Friday, October 9, 2015


We all struggle, or have struggled (I'm assuming) with relationships. What happens when you outgrow them? Typically with friends, you drift apart and life continues. You reflect on fond memories perhaps, but your world is not amiss due to their absence. But what happens when the people you outgrow are your own family, the ones you really can't ignore? Read on... 
"During a recent session, Becca (mid-20s) was describing a typical argument with her mother. She and her mom have a close but combative relationship; in their fights, Becca often feels frustrated at her mom’s immaturity. Becca’s parents have been divorced for many years and her mother has drifted from one low-level job to another, never fulfilling her early potential, largely because of impulsive or ill-considered choices that involved taking the easy way out. Since therapy began, Becca has worked hard to overcome similar tendencies in her own character and has done remarkably well in a difficult career.
Becca’s mother often gives unwanted advice that Becca finds irritating. “Look at what she’s done with her own life,” she told me in session. “Who is she to give me advice about how to run mine?”
“Maybe you’ve outgrown your mom,” I said to Becca. “You keep wanting her to be more the kind of mother you wished you’d had, someone you could respect, but the truth is, you’ve grown beyond her. You’re the more emotionally mature and successful person.”
Becca looked startled and unhappy. “That’s kind of depressing,” she said. It made her feel both sad and guilty, that she should be growing beyond her mother in emotional maturity. She didn’t want to accept that her mother would never grow into a person she could look up to.
Becca’s reaction and the rest of that session reminded me of a dream I had almost 30 years ago. Like Becca, I would have been in my mid-20s, and five or six years into my own therapy. It must have been around the time I decided to become a therapist. Here’s the dream:
I’m standing on a crude flat-bottom boat in a swamp or bayou, right at the shoreline. It’s one of those boats you navigate by pushing a long pole into the lake bottom; a man stands behind me and has begun to pole us away from the shore. The rest of my family stands on the shoreline. As we pull further and further away from the shore, I feel deeply sad. Guilty, too. I feel as if I’m abandoning my family and that I ought to go back for them. But I know there’s not enough room for them in the boat. Even if there were, their feet seem to be stuck in the glue-like mud. There’s no hope for escape.
I had only one association to the dream: its location made me think of squalid parts of the rural South where people live in ignorance and poverty.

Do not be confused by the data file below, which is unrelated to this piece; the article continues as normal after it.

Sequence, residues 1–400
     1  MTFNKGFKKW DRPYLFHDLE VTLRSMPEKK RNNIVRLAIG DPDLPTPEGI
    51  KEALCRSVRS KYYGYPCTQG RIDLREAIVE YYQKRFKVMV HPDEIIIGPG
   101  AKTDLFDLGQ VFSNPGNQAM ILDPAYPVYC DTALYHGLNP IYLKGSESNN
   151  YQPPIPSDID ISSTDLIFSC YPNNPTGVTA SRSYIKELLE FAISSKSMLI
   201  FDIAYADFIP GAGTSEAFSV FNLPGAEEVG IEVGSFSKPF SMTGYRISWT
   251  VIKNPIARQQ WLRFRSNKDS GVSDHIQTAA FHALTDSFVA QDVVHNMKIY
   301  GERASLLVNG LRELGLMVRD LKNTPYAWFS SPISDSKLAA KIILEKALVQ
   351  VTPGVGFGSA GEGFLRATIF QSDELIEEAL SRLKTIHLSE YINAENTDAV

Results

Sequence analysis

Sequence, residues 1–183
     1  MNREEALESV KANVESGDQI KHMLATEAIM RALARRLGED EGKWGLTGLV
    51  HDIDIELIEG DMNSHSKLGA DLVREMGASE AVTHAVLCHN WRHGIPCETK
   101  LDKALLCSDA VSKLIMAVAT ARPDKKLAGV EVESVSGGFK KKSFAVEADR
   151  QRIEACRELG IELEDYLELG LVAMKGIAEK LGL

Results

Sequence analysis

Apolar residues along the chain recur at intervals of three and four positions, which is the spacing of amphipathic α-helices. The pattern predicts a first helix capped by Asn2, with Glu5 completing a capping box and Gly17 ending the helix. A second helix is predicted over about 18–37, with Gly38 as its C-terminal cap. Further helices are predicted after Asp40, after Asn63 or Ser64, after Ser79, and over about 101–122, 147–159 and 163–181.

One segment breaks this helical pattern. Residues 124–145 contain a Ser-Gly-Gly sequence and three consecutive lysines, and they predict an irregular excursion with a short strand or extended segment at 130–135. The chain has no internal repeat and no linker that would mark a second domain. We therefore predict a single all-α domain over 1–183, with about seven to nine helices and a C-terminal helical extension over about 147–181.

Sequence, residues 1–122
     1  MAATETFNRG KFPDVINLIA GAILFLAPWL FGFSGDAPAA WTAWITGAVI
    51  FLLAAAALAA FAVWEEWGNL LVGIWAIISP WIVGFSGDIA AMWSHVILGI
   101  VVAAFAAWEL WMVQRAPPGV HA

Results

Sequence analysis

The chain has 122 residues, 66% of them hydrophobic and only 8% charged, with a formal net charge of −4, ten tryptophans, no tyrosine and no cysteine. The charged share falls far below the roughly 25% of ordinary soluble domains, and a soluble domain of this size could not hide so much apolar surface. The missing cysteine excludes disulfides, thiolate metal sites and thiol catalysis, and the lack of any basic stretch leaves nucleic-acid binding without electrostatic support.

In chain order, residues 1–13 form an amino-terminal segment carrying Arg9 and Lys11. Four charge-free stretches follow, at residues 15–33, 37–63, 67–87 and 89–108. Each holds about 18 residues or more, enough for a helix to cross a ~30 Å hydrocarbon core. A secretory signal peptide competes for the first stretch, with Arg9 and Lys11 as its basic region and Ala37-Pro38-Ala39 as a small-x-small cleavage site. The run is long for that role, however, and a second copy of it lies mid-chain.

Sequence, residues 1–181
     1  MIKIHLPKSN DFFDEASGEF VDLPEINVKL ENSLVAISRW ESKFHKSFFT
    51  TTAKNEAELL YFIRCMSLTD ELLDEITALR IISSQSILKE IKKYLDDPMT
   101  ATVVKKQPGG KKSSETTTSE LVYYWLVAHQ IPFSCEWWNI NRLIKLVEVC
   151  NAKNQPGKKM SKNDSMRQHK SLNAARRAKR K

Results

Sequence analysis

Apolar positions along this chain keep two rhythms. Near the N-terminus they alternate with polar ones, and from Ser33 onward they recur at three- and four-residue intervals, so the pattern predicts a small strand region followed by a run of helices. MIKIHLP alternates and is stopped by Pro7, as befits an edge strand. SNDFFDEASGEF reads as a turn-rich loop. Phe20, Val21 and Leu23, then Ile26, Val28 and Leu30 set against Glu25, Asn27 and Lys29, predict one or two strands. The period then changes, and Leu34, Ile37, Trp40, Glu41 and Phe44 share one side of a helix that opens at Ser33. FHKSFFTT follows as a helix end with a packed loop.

Even though it’s been nearly 30 years, I have a vivid recollection of that dream. I well remember what my analyst said. He told me that after a number of years of our work together (he was the man behind me with the pole), I’d grown emotionally, to such an extent that I felt I was leaving my family of origin behind. As I became healthier, I left the illness and dysfunction behind me, on my way to something better, while everyone else in my family remained “stuck” in an emotional backwater of ignorance and mental illness. I felt saddened by this movement away, and guilty to be leaving them behind.
As I write these words, that dream still makes me sad. When I look at the lives of my nieces and nephews today, I see the dysfunction getting worse. It’s what I felt back then — so much pain and confusion, too many drugs, periods of complete emotional chaos. I’ve done well for myself and I’m grateful for the life I have, but at the point when I truly separated from my family and moved on emotionally, as it were, I felt sad and guilty about it.
For many of us who get therapy and truly grow, it often means leaving our families of origin behind. I don’t mean that we permanently break off contact, although with deeply narcissistic or toxic parents, that may be necessary. I didn’t stop seeing my parents, but I usually felt as if I were humoring my father and keeping my mother at a distance. I still loved my family, but in many ways, being around them made me feel how little we had in common. In later years, my sister, brother and I found meaningful ways to re-connect but I never again felt much emotional contact with my parents.
This kind of separation is different from the way many teens reject their parents or treat them with contempt. In such cases, they’re usually struggling to establish their own independent identity and feel they must separate forcefully; it’s often temporary, a “phase” as they say. The grief and guilt of outgrowing your parents also differs from the very normal way that children come to view their parents as quaint and out-of-date — to mothball them, as I described it in an earlier post. Separation and gaining independence are a normal part of development; a phase of feeling superior to your parents helps you to break free of childhood. Feeling grief and guilt because you’ve grown beyond a mentally ill family system is quite another matter.
Becca has just begun this transition. I think she’d still very much like to feel she has a “real” mother, someone older and wiser to be relied upon for guidance, rather than someone who seems more like a girlfriend most of the time. Because she’s not yet fully confident in her own “adult” abilities, Becca doesn’t feel ready to accept her mother for who she is, rather than the person Becca would like her to be. But that time will come. There’s more grief and guilt ahead for her."

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